Not currently on display at the V&A

Les Arums

Furnishing Fabric
1920 (made)
Artist/Maker
Place of origin

Raoul Dufy first worked for the innovative designer Paul Poiret (1879-1944) as a painter and then as a designer, experimenting with textile printing. He took a particular interest in eighteenth century 'toiles de Jouy' and created his own block-printed versions. His example encouraged many other designers to take an interest in traditional crafts. Dufy also worked under contract to the important silk weaving and printing firm of Bianchini-Férier.

This design is characteristic of Dufy's economy of line and colour and is typical of the earlier less geometric phase of the Art Deco Style. 'Les Arums' was also block-printed on linen. It was usual to check design proofs by printing them onto paper rather than fabric and Dufy's dining room walls were covered with a paper printed with this design.

In 1933 Dufy stopped designing textiles and devoted himself to painting.


Object details

Categories
Object type
TitleLes Arums
Materials and techniques
Woven silk damask
Physical description
Furnishing fabric
Dimensions
  • Maximum length: 97cm
  • Maximum width: 69cm
Marks and inscriptions
Production
Attribution note: There is a piece of 'Les Arums' in the Textile Museum in Lyon, France: it is red on a blue ground and the complete width includes three lilies. Their inventory number is 30196. It was given to the Museum in 1923 by Bianchini-Ferier. They say it was woven in 1920. They call it 'satin lisere, un lat, damasse, soie'.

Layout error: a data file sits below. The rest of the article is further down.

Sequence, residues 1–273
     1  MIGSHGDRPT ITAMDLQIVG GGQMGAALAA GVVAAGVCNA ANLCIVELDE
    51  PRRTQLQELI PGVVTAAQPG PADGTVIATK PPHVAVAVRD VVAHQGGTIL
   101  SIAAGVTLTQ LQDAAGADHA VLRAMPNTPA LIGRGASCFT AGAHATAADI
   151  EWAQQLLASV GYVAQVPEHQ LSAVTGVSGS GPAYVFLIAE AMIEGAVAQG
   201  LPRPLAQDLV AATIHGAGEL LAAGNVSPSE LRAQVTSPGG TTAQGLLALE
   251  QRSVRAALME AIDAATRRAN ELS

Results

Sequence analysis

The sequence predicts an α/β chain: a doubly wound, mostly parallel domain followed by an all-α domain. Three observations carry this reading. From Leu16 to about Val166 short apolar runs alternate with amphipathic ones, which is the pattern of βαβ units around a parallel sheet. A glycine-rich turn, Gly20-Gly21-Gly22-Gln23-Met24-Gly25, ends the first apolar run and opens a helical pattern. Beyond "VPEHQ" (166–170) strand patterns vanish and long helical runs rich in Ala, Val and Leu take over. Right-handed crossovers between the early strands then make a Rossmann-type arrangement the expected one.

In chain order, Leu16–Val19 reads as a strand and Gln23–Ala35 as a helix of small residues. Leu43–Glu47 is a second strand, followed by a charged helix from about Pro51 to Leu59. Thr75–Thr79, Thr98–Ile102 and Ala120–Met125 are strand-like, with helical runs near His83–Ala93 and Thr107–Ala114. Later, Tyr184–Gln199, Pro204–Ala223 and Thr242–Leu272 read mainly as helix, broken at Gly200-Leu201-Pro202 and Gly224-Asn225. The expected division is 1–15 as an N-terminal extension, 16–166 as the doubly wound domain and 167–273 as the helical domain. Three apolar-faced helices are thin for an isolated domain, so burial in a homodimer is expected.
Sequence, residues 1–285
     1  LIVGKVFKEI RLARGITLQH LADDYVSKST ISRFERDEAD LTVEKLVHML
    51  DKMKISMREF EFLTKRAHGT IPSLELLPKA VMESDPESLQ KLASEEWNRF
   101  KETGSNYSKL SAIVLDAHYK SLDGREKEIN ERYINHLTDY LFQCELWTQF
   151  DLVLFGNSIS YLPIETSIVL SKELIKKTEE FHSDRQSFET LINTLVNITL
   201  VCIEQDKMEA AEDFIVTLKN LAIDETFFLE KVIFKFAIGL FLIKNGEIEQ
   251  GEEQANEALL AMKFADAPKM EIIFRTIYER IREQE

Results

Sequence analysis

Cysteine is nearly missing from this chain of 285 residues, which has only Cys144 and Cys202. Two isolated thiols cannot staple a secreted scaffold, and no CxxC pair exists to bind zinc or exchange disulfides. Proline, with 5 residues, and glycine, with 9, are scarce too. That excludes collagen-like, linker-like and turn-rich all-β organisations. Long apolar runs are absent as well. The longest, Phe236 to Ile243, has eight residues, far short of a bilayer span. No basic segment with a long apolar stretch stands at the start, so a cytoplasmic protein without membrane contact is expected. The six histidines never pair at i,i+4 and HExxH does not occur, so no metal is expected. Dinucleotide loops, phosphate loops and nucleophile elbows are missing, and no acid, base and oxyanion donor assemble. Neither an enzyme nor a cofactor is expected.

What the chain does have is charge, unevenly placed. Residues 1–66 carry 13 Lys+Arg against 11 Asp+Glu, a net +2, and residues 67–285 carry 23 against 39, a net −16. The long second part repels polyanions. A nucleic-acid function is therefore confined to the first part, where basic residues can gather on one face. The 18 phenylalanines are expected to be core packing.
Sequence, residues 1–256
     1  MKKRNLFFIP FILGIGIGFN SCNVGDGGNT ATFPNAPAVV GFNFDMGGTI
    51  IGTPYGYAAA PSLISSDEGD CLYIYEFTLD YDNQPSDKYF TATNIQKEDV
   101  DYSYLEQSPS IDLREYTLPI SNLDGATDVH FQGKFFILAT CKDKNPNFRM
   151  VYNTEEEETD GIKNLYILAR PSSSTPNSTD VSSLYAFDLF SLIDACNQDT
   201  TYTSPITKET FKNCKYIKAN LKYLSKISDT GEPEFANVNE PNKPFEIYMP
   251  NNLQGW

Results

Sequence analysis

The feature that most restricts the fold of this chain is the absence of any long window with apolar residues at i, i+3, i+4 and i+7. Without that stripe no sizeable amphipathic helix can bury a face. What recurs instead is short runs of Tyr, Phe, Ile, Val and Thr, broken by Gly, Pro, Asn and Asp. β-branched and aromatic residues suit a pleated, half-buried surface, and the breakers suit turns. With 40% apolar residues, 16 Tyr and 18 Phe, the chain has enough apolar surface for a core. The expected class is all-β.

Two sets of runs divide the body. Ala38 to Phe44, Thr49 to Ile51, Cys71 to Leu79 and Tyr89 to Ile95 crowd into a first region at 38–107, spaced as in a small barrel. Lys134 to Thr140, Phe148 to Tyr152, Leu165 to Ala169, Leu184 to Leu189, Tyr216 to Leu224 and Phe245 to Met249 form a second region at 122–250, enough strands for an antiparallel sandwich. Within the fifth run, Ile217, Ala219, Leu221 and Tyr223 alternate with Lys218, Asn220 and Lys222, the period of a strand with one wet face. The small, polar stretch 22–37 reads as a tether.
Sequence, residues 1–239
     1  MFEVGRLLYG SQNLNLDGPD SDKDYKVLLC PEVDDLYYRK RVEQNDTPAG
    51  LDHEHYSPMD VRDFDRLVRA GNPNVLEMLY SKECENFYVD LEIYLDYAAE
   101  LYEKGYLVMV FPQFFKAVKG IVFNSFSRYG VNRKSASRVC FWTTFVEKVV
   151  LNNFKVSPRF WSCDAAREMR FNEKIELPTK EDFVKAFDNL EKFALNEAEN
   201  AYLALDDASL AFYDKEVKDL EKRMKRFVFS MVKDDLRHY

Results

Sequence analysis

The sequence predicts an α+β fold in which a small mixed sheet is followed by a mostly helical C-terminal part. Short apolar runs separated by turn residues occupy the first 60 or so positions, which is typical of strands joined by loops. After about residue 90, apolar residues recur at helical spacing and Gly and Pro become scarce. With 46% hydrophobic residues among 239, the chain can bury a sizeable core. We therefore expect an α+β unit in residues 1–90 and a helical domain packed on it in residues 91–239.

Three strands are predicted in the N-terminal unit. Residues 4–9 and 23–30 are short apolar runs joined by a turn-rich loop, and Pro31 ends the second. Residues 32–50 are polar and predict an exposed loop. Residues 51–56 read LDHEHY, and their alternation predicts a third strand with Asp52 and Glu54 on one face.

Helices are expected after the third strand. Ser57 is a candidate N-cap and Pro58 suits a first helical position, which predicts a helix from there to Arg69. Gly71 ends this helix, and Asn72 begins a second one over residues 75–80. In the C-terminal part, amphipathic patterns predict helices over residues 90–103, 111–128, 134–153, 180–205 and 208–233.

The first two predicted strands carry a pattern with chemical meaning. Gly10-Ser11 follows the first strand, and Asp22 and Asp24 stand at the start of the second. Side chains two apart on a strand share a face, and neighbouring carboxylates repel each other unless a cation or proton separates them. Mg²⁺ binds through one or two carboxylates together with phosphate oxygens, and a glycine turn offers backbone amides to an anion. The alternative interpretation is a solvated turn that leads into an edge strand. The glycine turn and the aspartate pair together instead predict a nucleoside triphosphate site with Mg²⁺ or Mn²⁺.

Subject depicted
Summary
Raoul Dufy first worked for the innovative designer Paul Poiret (1879-1944) as a painter and then as a designer, experimenting with textile printing. He took a particular interest in eighteenth century 'toiles de Jouy' and created his own block-printed versions. His example encouraged many other designers to take an interest in traditional crafts. Dufy also worked under contract to the important silk weaving and printing firm of Bianchini-Férier.

This design is characteristic of Dufy's economy of line and colour and is typical of the earlier less geometric phase of the Art Deco Style. 'Les Arums' was also block-printed on linen. It was usual to check design proofs by printing them onto paper rather than fabric and Dufy's dining room walls were covered with a paper printed with this design.

In 1933 Dufy stopped designing textiles and devoted himself to painting.
Collection
Accession number
T.3-1932

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Record createdDecember 15, 1999
Record URL
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